The Pacific Ocean contains some of the most dangerous jellyfish in the world such as the Portuguese man-of-war and the sea wasp. The best protection against these organisms is adequate skin diving clothing. The most effective treatment for stings is white vinegar, but cortisone also has some effect.

Divers come in contact with many types of stinging sea animals. In the South Pacific, some of these animals can be dangerous. Along Australia’s Queensland Coast for instance, there is the Sea Wasp (Chironex flecken), a dangerous jellyfish that can kill those who contact it.


All stinging jellyfish, corals and marine animals can release millions of capsules called nematocysts. These small structures contain a “dart” with a toxin that is released when the nematocyst is stimulated. Contact with a jellyfish tentacle causes many millions of nematocysts to be deposited on the skin. They are not all stimulated to inject the dart at the same time. Many nematocysts remain on the skin to be activated by contact later. Consequently, contact with a nematocyst-bearing animal produces an initial sting that is often followed by continuous stings. The initial contact is usually the worst because it triggers many nematocysts to inject their toxin. In the case of a Sea Wasp, the initial dose can be lethal.


The Sea Wasp is described as a box jellyfish (cubomedusa) because it is square, with one or two tentacles at each corner. Sea Wasp venom affects the nerves, heart and blood cells and causes damage to the skin in the contact area. Sea Wasp stings can cause respiratory paralysis but a victim can be saved by mouth to mouth respiration. The venom breaks down rapidly in the body, usually lasting no more than 30 minutes. If respiration can be supported that long, the victim will survive. Following contact, a severe blistering rash will occur that produces permanent scarring.

Sea Wasp Jellyfish

When a swimmer is injured by a Sea Wasp, there is usually time for him/her to get to the beach and get help. A diver in deeper water is in more danger because breathing paralysis will result in drowning if assistance is not provided. In Australia, an antivenin for the Sea Wasp sting is available in hospitals. Another Australian box jellyfish, the Morbakka, also produces severe stings but is not as dangerous as the Sea Wasp.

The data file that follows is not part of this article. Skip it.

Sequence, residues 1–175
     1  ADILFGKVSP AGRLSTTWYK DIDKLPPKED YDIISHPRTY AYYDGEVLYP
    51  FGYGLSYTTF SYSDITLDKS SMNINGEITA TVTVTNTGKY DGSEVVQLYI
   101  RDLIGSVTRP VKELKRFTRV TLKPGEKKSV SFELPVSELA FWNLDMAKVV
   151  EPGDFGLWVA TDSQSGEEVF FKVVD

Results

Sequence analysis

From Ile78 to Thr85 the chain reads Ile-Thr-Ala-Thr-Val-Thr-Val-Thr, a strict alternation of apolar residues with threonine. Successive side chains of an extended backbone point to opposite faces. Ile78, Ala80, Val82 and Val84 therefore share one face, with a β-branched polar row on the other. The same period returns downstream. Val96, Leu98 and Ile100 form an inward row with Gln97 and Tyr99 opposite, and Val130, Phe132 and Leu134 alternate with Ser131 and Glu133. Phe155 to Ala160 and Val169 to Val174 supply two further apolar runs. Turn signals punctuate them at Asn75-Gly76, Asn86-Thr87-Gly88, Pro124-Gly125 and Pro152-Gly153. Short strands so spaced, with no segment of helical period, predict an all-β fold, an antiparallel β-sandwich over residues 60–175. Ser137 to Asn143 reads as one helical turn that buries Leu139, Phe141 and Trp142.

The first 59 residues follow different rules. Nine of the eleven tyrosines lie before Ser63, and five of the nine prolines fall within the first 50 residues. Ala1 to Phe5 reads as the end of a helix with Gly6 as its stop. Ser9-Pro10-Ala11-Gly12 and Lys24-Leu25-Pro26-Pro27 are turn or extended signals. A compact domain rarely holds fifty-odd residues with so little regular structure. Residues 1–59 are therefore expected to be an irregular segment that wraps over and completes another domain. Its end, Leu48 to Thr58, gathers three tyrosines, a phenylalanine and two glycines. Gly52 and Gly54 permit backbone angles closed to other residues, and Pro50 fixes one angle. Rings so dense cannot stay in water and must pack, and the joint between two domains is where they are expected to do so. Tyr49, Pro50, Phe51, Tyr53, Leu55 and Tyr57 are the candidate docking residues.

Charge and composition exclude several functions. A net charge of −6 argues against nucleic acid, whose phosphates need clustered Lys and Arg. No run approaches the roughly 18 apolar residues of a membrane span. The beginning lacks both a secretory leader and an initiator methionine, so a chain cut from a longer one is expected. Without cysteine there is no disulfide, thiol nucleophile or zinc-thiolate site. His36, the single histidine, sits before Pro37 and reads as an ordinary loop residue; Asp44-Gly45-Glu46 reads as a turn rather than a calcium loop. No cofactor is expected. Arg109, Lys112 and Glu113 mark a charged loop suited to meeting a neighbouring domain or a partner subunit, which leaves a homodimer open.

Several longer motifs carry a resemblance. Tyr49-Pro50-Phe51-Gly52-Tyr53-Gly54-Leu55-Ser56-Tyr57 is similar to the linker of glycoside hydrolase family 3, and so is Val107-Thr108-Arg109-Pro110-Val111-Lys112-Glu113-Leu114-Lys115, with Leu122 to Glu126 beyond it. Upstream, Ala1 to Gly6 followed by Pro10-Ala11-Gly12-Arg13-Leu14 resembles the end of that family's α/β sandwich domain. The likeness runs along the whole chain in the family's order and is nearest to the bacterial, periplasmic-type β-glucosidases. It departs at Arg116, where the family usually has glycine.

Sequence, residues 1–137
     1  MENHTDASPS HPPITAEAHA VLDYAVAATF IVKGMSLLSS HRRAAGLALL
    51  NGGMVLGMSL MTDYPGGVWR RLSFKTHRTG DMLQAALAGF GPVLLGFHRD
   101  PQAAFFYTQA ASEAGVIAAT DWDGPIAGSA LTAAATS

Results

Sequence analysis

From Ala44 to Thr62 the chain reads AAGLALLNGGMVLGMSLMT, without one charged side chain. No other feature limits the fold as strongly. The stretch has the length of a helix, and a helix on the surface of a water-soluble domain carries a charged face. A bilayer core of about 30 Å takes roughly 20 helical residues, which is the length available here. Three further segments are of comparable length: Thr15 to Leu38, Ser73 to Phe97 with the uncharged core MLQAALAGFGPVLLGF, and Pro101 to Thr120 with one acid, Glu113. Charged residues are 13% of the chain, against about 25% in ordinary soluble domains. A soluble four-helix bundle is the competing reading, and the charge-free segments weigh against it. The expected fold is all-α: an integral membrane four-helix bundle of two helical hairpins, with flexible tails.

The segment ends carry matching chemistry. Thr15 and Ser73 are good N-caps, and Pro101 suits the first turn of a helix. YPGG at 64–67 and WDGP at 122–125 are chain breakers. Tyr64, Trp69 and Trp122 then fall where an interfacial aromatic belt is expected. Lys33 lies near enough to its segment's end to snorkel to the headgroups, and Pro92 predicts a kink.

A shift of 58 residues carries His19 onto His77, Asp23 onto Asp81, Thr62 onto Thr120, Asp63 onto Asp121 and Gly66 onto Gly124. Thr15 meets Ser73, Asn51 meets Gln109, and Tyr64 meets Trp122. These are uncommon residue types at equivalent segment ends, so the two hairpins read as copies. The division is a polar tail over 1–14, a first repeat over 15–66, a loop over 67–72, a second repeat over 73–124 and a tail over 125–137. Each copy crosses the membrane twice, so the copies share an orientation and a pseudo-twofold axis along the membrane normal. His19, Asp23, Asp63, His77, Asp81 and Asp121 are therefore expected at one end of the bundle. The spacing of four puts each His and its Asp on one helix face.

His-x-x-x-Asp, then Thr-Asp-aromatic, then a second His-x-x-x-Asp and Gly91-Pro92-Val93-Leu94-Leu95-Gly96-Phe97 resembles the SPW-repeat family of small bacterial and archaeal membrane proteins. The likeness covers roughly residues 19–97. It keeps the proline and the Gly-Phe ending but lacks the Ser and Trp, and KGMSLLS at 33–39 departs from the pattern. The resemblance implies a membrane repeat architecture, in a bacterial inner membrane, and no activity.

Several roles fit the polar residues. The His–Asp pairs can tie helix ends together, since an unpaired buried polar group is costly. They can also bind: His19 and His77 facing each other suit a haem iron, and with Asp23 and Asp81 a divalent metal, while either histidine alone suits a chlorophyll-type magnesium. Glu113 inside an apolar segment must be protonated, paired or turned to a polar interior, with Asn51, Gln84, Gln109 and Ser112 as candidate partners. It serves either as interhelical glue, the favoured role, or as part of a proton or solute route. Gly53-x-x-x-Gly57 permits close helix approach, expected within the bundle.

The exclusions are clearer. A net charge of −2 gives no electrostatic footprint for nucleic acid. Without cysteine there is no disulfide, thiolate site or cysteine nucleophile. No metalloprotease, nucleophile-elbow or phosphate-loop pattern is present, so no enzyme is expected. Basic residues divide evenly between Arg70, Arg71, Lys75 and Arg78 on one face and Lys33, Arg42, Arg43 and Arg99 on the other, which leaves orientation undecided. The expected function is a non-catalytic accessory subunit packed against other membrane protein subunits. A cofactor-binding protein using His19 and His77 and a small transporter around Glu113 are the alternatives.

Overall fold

Other toxic jellyfish found in the waters around Australia cause what is known as the Irukandji Sting Syndrome. Fifteen to 30 minutes after contact with the jellyfish there is intense, cramp-like pain in the area of the sting and blood pressure rises. Accompanying symptoms include headache, cold extremities and reduced urine output, suggestive of a massive adrenaline release caused by the toxin. Early recognition of this type of sting is difficult because the pain and skin reaction are minor.


Portuguese Man of War jellyfish are common in most warm seas of the world. They drift on the surface, driven by the wind blowing against the bright blue inflated sail that also serves as a float. Beneath the blue sail is a cluster of tentacles that can be 20 to 30 feet long. These trail beneath and below the sail to sting small fish that wander into them. Swimmers and divers can also swim into the long streamers trailing below the sail. Contact with a tentacle causes severe pain and skin injury. There have been several deaths from the Portuguese Man of War. The toxin can cause respiratory paralysis but often death is owing to effects of the toxin on another illness, such as heart disease, that is aggravated by the toxin. Contact with a small portion of tentacle (probably millions of nematocysts) will cause a severe skin reaction but the toxin dose is usually not enough to threaten life in a healthy diver or swimmer. Massive contact, however, can cause serious illness or death. Children who receive a large toxin dose are particularly at risk.


Contact with most other species of jellyfish will not cause a serious problem, The sting of most jellyfish is annoying and can produce mild or moderate skin responses that usually heal without permanent scarring. This same effect is true for other nematocyst bearing animals such as fire coral, stinging hydroids, hard and soft corals and anemones.


Stings can be prevented by wearing protective clothing, Lycra/nylon dive suits provide excellent protection. Gloves should be worn to protect the hands from corals and other stinging animals. The thickness of the covering needs to be about the same as nylon stockings.

Many of the stinging jellyfish swim near the surface at night. On night dives, don’t linger near the surface. Search the water with your light for these small, transparent jellyfish. The box jellyfish of the Caribbean does produce a severe sting but it is not life threatening. Caution is still worthwhile.

Treatment of the local sting involves destroying the untriggered nematocysts. Over the years, ammonia solution, meat tenderizer, rubbing of sand, fresh water and urine have been recommended. Sand and fresh water both trigger the nematocysts so, if you want an extra thrill from your jellyfish contact, sand and fresh water will produce extra stings. Present advice is to use plain white vinegar to destroy the nematocysts on the skin. Severe reactions have been treated with cortisone with some success.

Remember: Tentacles contain active nematocysts even when detached from the jellyfish. Contact with nematocysts attached to a diving suit can cause stings several hours after leaving the water.

Although most sea stings are bothersome but not dangerous, divers should avoid contact with stinging animals to minimize injury to the skin and eliminate the possibility of serious injury.


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